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How were logs and roots calculated before calculators?

  1. Oct 24, 2005 #1


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    I'm not sure whether this is the correct forum, so I apologise if it's in the incorrect forum.

    Anyway, when studying A level maths a few years ago, we came across a technique for calculating roots that my teacher claimed was used before calculators were invented. I can't remember the actual technique used, but I remember thinking at the time that it was particularly clever. He also claimed that before calculators, mathematicians were forced to invent other, similarly clever techniques to work out their logs and roots etc.

    So, what were these techniques? How exactly were the logs and roots calculated before modern computing machines?
  2. jcsd
  3. Oct 24, 2005 #2
  4. Oct 24, 2005 #3

    Math Is Hard

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    How is it possible that BobG hasn't shown up in this thread yet? :biggrin:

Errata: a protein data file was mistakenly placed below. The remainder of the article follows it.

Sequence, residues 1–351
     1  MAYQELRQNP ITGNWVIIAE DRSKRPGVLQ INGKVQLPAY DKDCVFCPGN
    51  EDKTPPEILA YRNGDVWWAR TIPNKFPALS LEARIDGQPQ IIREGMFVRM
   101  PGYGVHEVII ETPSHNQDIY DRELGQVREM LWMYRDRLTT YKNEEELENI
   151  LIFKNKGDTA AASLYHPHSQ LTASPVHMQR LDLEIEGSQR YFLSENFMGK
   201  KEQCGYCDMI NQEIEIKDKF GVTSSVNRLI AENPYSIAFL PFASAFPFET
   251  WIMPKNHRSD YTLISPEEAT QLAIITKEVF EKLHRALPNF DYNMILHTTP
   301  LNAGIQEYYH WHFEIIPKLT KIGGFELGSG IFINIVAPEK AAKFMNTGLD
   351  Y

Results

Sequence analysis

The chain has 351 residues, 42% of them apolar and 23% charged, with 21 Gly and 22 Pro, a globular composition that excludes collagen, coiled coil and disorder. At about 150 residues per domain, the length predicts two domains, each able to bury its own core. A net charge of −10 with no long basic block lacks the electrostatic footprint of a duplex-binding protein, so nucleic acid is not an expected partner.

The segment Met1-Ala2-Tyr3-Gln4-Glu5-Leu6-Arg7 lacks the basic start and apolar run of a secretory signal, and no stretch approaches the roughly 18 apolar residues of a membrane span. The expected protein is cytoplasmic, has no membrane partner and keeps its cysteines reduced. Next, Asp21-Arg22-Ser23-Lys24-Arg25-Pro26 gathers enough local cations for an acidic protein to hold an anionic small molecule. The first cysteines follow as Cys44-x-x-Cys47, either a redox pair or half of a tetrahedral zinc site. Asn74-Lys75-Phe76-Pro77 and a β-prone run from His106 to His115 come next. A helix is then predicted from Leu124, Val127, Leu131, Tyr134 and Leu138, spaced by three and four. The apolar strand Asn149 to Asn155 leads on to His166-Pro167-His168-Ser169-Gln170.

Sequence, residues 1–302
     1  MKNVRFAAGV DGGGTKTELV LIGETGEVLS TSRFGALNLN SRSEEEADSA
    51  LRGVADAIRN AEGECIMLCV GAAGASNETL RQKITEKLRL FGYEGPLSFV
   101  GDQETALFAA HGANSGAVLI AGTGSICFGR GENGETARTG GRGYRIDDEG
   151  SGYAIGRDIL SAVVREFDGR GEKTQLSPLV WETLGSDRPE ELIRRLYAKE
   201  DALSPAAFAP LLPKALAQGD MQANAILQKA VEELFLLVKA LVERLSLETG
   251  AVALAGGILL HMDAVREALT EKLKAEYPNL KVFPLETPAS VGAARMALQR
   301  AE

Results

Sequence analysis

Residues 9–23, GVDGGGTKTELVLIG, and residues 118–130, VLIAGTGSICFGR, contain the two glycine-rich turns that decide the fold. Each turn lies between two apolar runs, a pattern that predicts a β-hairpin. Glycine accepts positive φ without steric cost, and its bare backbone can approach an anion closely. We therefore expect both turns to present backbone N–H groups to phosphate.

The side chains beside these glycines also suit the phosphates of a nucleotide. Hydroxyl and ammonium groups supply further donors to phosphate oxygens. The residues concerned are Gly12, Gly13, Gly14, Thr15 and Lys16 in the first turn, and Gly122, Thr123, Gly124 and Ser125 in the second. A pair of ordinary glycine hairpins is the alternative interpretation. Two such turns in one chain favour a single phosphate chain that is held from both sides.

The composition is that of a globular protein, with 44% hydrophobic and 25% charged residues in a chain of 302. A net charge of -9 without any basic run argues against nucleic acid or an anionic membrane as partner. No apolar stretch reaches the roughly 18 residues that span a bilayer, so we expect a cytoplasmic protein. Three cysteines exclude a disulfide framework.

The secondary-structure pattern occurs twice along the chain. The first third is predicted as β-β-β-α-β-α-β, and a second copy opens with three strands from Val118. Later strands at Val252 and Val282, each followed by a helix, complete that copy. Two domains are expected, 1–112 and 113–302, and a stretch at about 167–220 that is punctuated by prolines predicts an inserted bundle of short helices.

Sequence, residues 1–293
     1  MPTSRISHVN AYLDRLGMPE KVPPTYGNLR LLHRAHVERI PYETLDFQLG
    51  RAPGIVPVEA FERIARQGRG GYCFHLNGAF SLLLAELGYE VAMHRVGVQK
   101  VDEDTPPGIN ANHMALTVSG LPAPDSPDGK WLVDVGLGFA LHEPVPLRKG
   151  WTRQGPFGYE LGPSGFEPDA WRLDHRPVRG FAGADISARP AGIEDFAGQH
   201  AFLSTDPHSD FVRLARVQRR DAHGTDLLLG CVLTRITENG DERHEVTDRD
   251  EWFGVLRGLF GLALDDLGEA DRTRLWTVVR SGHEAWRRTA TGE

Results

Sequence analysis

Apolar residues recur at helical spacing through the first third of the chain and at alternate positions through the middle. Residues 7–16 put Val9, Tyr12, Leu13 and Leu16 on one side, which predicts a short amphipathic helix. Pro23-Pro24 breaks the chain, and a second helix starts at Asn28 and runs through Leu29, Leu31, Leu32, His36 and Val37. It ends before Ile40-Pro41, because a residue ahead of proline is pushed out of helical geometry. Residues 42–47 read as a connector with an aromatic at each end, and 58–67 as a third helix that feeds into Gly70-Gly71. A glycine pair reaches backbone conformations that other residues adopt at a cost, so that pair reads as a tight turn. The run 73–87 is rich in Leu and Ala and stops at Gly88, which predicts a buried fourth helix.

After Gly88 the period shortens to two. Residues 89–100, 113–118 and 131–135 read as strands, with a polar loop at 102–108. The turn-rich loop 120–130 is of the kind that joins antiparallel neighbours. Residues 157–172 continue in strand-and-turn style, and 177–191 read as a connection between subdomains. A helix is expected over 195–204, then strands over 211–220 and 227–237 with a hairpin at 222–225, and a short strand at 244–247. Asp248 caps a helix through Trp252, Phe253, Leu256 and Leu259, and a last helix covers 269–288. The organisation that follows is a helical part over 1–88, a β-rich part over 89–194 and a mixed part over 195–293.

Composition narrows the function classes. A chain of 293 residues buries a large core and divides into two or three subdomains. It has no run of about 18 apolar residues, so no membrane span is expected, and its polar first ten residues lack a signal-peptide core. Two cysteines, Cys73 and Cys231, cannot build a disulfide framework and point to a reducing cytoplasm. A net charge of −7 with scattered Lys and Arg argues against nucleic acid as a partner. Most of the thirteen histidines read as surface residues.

5. Oct 25, 2005 #4
    There is an algorithm to calculate square roots to any required degree of accuracy with merely pen and paper alone. I learnt it from a book published in about 1920 aimed at 16 year olds when I was about 10; the book is also no longer in print. Anyway, my point is, I can't really remember it, but if someone really wanted to, I could half-remember and half-work it out. Or maybe someone else knows it too.
  6. Oct 25, 2005 #5


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    Suppose you want the squareroot of 55. It must lie between 7 and 8.
    Try 7.5. [tex]\frac{55}{7.5} = 7.333[/tex]
    Now, calculate the mean:
    [tex]\frac{7.5 + 7.333}{2} = 7.41666[/tex]
    and use it in the new iteration:
    [tex]\frac{55}{7.41666} = 7.41573[/tex]
    [tex]\frac{7.4166 + 7.41573}{2} = 7.416198468[/tex]
    Using the calculator of Windows, you get for the squareroot of 55 the value 7.416198487...
  7. Oct 25, 2005 #6
    This "divide-and-average" method can be derived using the more general http://planetmath.org/encyclopedia/NewtonsMethod.html [Broken] of finding zeroes of nonlinear functions.
    Last edited by a moderator: May 2, 2017
  8. Oct 25, 2005 #7
    These algorithms are slow; a faster one realises that
    [tex](10a+b)^2 = 100a^2 + 20ab + b^2[/tex]
    and works out the digits of the square root based on pairs of digits of the square, by finding a [itex]b[/itex] such that [itex]b(20a+b)[/itex] matches whatever is left (having subtracted the first term already).
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